New mobile device support, allows over-the-air synchronisation of HTC Hero, Motorola DROID, Google Nexus One and Palm Pre mobile devices. It is possible to synchronise email messages, tasks, contacts and calendar events.

Distributed Domains, this is a feature that allows multiple installations of Kerio Connect to work together to share collaboration resources. This is ideal for companies with multiple offices locations.

Other features include; IMAP server improvement for multi-session connections, retention policy for messages, HTML webmail editor for Safari 4, and complete web administration.

Digital Arena will be managing the Kerio Connect update to our existing Kerio MailServer clients in the very near future.

Google Android phones

Jan 17, 2010
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We have secured a Google Android based HTC phone to test and compare against the iPhone in the smartphone area. The Android software is an open system that any hardware manufacturer can use on their phones. Compared to the iPhone, the Android system is powerful but a bit harder to use. If you have a technical mind and love “geeky”, then the Android is a great choice.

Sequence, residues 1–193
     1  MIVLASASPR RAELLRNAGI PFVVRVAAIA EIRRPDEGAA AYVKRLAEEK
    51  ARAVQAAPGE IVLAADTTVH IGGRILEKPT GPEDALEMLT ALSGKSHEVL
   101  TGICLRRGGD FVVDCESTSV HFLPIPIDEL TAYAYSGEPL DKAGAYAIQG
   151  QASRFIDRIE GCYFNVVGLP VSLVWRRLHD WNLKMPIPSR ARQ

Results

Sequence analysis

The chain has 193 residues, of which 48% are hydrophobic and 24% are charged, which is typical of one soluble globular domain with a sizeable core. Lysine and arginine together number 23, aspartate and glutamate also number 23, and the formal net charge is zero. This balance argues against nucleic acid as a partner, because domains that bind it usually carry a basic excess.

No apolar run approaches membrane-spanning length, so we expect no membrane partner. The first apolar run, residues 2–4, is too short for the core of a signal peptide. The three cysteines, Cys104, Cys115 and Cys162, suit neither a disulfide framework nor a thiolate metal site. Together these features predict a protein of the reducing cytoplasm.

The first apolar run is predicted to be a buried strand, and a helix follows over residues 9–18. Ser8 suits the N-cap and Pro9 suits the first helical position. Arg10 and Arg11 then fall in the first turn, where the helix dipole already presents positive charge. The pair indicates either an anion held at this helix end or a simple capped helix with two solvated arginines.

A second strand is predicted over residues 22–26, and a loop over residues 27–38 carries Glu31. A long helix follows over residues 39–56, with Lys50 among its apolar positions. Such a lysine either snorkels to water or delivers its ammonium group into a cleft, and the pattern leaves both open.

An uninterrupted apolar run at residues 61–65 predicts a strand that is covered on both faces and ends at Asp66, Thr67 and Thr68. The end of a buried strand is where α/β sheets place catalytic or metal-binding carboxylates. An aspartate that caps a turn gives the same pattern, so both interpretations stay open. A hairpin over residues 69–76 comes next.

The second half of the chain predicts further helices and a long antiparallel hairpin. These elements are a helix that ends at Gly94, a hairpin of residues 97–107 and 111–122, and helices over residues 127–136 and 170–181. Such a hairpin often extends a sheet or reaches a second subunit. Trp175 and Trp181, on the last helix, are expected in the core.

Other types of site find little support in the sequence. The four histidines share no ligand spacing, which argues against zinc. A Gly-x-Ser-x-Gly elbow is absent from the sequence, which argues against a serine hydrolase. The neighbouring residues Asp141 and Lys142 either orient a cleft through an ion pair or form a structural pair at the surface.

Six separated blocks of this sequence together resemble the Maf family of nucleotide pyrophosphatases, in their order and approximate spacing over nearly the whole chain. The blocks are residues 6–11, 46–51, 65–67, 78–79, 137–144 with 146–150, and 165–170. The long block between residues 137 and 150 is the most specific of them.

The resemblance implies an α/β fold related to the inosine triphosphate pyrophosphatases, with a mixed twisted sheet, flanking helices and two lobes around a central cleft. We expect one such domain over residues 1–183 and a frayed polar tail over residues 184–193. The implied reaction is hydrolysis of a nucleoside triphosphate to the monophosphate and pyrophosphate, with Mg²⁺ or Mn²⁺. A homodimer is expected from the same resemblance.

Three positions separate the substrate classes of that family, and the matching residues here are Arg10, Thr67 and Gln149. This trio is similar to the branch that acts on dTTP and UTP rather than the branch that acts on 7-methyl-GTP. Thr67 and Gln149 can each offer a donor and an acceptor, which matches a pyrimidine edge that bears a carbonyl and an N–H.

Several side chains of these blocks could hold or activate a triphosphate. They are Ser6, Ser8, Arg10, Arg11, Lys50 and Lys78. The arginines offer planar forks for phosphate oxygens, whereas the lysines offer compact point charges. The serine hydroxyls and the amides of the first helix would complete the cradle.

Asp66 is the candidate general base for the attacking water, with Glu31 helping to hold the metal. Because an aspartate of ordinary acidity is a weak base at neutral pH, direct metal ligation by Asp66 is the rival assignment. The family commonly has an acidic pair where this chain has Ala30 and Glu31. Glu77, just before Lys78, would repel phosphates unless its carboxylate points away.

Features like native Facebook integration (yes, it gets photos and birthdays etc for your contacts), twitter, powerful cameras with zoom, white balance, ISO, video recording and metering modes. Like the iPhone, there is a Google Marketplace which allows you to download apps for various tasks. The screen works the same way – swipe, pinch, tap etc. There are models with and without physical keyboards – the onscreen keyboard works well – but the iPhone keyboard is better. Syncing is best done through your GMail account for contacts and calendars, or you have to buy Missing Sync for Android on the Mac – free sync software for the PC. The flood of Android powered phones is yet to hit NZ – but when they do, make sure you take one for a test drive first to see that it fits your brain type before buying one!! The Google Nexus is the next generation HTC hardware and will be in NZ sometime later this year.